Can I Use Your Bathroom, Please?
It’s rained steadily here for most of the last two weeks. Some of my county was flooded enough that I got an e-mail from a friend in New York City checking to see if we were all right. Four years ago, I e-mailed him to make sure that they weren’t anywhere near the World Trade Center. Other than being wet, our one direct flood problem is a section of fence near the creek that marks the end of our backyard fell after the posts failed. We also happen to have dogs, so now we have to keep them in the garage or keep a close eye on them as they venture near that end of the yard. Border collies got their name for a reason. Ours love to inspect and test the integrity of any boundaries both physical and between owner and pet. The fall of the “wall” may be a great moment in Border Collie history for our dogs though this one only leads to the neighbor’s otherwise enclosed backyard. Two nights in a row, I’ve had to retrieve our dog from the neighbor’s living room because they have one of those pet doors. Fortunately, they’ve been very good natured about it, the neighbors that is. The escaped border collie does this civil disobedience thing when I find her. As I try to walk her home, she turns over on her back and forces me to carry her back to the garage. She probably has a name in their language equivalent to “butterfly” or “spirit catcher” and blogs on the animal internet about freeing our voluntary cat with the implanted chip.
As I drove to work this morning, hundreds of acres of winery were underwater with vines and their frames poking up just above the surface. My normal back roads routes also got shut down and the approach roads had sprouted potholes. On the main highway to San Francisco, a forty foot section on top of a hill crumbled like a graham cracker and pushed down six to ten inches below the surface. The traffic backed up for about two miles. You know those two thousand year old Roman roads? They’ve got to be among the most extraordinary engineering achievements of any civilization.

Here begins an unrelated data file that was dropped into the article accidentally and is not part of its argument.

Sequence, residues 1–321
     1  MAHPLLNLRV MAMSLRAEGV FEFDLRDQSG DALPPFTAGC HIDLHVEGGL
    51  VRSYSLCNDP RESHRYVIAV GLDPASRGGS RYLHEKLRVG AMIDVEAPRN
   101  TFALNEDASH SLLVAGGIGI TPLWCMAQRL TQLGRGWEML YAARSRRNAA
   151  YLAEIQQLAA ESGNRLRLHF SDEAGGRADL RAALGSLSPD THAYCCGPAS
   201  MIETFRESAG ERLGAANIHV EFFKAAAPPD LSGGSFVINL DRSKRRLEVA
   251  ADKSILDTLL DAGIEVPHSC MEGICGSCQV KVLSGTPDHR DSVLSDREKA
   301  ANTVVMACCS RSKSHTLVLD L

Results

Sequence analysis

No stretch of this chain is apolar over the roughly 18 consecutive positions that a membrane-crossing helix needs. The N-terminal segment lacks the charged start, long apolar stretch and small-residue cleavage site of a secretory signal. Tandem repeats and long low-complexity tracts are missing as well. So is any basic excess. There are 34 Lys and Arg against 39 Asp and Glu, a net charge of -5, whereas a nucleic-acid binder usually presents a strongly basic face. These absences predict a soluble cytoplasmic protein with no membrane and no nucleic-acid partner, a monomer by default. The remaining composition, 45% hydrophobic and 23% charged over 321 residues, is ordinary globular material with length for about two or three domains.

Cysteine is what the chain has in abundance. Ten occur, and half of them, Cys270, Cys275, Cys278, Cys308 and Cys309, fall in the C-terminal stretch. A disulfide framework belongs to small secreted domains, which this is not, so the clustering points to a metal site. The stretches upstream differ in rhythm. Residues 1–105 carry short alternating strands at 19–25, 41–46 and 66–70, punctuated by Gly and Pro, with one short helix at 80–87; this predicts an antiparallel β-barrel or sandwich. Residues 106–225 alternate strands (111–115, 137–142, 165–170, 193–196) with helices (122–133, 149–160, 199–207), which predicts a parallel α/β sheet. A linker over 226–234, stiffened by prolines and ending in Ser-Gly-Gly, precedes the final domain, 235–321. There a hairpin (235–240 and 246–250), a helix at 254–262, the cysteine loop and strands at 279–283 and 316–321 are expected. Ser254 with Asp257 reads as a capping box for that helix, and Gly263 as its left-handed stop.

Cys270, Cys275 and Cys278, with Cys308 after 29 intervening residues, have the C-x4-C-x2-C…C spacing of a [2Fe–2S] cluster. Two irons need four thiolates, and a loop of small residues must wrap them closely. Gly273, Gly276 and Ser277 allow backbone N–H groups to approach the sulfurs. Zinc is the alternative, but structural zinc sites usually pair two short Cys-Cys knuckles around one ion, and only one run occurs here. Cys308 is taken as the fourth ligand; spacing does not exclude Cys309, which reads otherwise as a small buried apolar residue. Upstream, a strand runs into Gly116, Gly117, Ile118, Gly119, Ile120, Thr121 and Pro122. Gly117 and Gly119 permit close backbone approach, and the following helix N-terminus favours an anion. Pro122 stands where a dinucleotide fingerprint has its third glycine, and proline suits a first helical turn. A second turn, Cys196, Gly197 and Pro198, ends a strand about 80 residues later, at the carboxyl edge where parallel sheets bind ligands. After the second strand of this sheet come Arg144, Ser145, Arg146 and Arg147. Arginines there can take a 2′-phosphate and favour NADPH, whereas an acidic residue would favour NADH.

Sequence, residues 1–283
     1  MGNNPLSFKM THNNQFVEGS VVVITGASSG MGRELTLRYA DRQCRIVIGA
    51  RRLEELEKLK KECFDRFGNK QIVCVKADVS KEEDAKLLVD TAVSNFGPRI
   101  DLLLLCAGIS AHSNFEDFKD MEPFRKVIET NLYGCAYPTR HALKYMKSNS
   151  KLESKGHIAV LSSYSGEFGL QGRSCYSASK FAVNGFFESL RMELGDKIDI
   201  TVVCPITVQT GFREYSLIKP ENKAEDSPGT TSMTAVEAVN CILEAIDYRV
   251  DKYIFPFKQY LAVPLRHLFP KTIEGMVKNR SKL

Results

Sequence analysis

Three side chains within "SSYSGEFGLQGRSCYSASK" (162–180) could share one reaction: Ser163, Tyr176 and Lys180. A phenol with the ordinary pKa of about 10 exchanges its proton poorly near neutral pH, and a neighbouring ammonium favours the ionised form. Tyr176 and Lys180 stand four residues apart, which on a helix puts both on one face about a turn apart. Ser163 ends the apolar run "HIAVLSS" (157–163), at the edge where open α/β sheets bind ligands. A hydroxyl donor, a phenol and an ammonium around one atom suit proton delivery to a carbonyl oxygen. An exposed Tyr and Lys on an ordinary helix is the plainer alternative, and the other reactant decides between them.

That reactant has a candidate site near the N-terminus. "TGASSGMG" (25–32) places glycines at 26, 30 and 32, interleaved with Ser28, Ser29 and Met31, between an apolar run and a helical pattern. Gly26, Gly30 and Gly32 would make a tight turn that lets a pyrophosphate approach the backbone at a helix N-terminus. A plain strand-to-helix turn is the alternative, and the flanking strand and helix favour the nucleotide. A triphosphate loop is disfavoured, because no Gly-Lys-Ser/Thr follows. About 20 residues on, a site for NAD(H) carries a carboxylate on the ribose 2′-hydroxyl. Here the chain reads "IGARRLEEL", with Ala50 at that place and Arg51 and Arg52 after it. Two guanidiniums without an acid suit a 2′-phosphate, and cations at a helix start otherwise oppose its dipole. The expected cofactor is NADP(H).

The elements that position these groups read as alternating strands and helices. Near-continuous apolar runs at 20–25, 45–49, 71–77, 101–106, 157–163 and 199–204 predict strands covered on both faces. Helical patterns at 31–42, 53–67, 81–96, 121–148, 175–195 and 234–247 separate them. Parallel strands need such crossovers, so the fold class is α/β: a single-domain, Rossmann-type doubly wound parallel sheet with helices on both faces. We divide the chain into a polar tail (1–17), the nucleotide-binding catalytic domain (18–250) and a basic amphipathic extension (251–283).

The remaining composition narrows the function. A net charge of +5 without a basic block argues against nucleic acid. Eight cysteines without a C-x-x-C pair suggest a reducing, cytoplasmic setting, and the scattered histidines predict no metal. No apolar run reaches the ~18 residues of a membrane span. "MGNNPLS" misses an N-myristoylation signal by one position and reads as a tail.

Okay, speaking of civilization and rain, America is headed backwards on a few fronts. Before 1960, the shame was that places in the United States forced blacks and whites to use separate water fountains and bathrooms. In the 1970’s, unixex bathrooms appeared in any number of places. In the twenty first century, public facilities disappear completely. It’s happened already with payphones. Since most people now have cell phones, it’s harder for the phone company to make money off phone booths. Possibly more serious, it’s getting very difficult to find public bathrooms in any place where you don’t have to buy something first and with Jack Abramoff gone… In our family, we routinely bring water bottles in the car on trips, because we can’t expect to find working water fountains in most places. This shame is deeper. We are building around the needs and comfort of money rather than actual people.